Tell us something of your memories and the influence of others on you in your youth, growing up in Manchester, Georgia.
I put pretty much of my childhood into Chiefs. There are a couple of scenes that are straight out of my childhood there. And the book is very much of the hometown, the family history and the school and friends, plus my memories of the adults in Manchester. Somebody once said that a writer’s childhood is his capital. Manchester gave me whatever capital I have.
I was an only child. My mother taught me to read a year before I went to school, and that had a huge influence, because I became a voracious reader as a child. I also had a good English grammar teacher in high school and that helped a lot.
Do you think of yourself as a plot-developer, a character-developer, stream-of-consciousness, or what?
I think that my books are fairly tightly plotted. I am something of a minimalist…uh, wherever it comes to things like descriptions and that includes character descriptions. I think a writer’s most powerful tool is the mind of his reader. If you can plant just enough in the reader’s mind, then the reader will develop a character, the atmosphere and the location of the novel very quickly.
Do you prefer surprise endings or do you to let things just take their natural course in your novels and wind down?
I like satisfying endings. I want things to come out well. My readers seem to prefer satisfying endings as well. If I leave anything ‘dangling’ they write me letters about it. They like to know everything that is going on, and if I leave anything that is inconclusive, it bothers them—a lot of them anyway.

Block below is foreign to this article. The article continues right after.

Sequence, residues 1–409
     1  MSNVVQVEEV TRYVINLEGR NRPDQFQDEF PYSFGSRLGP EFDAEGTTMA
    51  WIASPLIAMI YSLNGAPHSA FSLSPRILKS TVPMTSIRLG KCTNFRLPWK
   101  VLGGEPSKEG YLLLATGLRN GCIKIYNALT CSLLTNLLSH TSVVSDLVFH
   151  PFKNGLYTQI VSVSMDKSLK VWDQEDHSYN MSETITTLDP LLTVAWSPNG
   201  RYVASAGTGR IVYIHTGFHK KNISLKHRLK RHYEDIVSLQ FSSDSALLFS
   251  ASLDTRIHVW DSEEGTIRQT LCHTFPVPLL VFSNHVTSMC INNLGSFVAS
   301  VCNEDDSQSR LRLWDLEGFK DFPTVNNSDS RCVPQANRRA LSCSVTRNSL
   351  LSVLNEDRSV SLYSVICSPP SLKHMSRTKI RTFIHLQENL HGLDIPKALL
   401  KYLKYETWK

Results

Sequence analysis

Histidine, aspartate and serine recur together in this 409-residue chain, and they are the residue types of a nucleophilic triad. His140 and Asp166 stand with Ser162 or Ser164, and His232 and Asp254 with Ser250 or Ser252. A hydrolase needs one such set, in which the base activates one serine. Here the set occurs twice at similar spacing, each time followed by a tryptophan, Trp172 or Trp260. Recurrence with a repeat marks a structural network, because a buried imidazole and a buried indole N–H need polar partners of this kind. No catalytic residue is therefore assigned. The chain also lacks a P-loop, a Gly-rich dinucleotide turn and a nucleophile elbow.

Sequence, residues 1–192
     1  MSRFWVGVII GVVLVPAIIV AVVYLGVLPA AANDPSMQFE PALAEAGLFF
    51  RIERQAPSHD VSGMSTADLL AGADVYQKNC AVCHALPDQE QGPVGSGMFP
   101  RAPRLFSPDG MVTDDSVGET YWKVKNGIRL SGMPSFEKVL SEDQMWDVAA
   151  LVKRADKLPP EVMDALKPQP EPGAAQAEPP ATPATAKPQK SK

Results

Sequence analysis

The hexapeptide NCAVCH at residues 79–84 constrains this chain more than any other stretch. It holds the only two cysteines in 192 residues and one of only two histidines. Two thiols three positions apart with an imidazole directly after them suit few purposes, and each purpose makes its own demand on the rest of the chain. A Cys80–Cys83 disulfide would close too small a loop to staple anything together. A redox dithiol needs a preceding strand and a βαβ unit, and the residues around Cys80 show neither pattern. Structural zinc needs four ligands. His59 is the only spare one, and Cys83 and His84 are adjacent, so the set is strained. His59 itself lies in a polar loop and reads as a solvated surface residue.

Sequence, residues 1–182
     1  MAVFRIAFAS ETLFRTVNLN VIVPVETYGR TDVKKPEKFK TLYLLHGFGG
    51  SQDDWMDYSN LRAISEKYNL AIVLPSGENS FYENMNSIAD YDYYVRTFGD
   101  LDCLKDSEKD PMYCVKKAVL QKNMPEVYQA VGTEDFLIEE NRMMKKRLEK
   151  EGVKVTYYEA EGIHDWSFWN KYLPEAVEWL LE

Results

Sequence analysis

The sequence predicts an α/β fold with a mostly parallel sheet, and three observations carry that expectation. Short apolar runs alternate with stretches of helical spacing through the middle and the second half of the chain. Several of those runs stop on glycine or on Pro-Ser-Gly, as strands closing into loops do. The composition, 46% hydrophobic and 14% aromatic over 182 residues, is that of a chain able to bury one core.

Why mysteries? You have dabbled in non-fiction and obviously could produce other genre now, with your name recognition. Why not do so at this juncture?
I write what I think I would like to read, although I don’t read a lot of my own genre.
About the only mystery writer I read is me, I guess. I write what comes naturally to me. I don’t struggle to come up with plots. I get them and then improvise as I write. With the passing of years I get more fluent and confident.
Orchid Blues is the second novel in a series about a female chief of police in a small town in Florida-Holly Barker. Why write about a woman in law enforcement—particularly in a leadership position in such a tough profession?
She came about by accident. I belong to a yacht club in England. I got a copy of their quarterly newsletter, which had some want ads in the back, and one of them was for a Labrador Retriever for sale. The headline was “Excellent Working Bitch.”
I thought, what a terrific title for a novel! I could get a novel just out of that title.
So I wrote ahead to my publisher and they agreed to publish under that title. I wrote the book to that title about this woman and her dog, of which either could be called the excellent working bitch. After it was finished, the publisher was concerned that bookstores might not display it, in as much as it had the word bitch in the title.
We argued about this and I finally capitulated and turned it into Orchid Beach instead of Orchid Bitch. I suppose it could have been a bitch series instead of an Orchid series.
Holly’s world is literally turned upside-down during the course of Orchid Blues, in a tragic scene that reminds me a lot of horrid recent events such as in New York, where you live part-time and the Twin Trade Towers. Do you think that is what more of our lives are coming to these days?
I don’t know. I wish I knew the answer to that. Maybe I don’t wish I did. I think we’re going to have to wait and see. Maybe it won’t turn out to be that way.
You have Holly battling white supremacists in the book. Do you think the role of a contemporary writer is to point out prejudice by exposing it only, seeking to correct it, or to overstate it and make it even uglier than it is for the purpose of dramatic effect?
I don’t have any rules about that. I just think it’s interesting and a scary phenomenon. I think it’s bizarre. It makes you wonder how people can become so disaffected that they can turn to these beliefs for comfort. I don’t entirely understand it and I wish it didn’t happen. But it seems to me to be a legitimate subject to write about.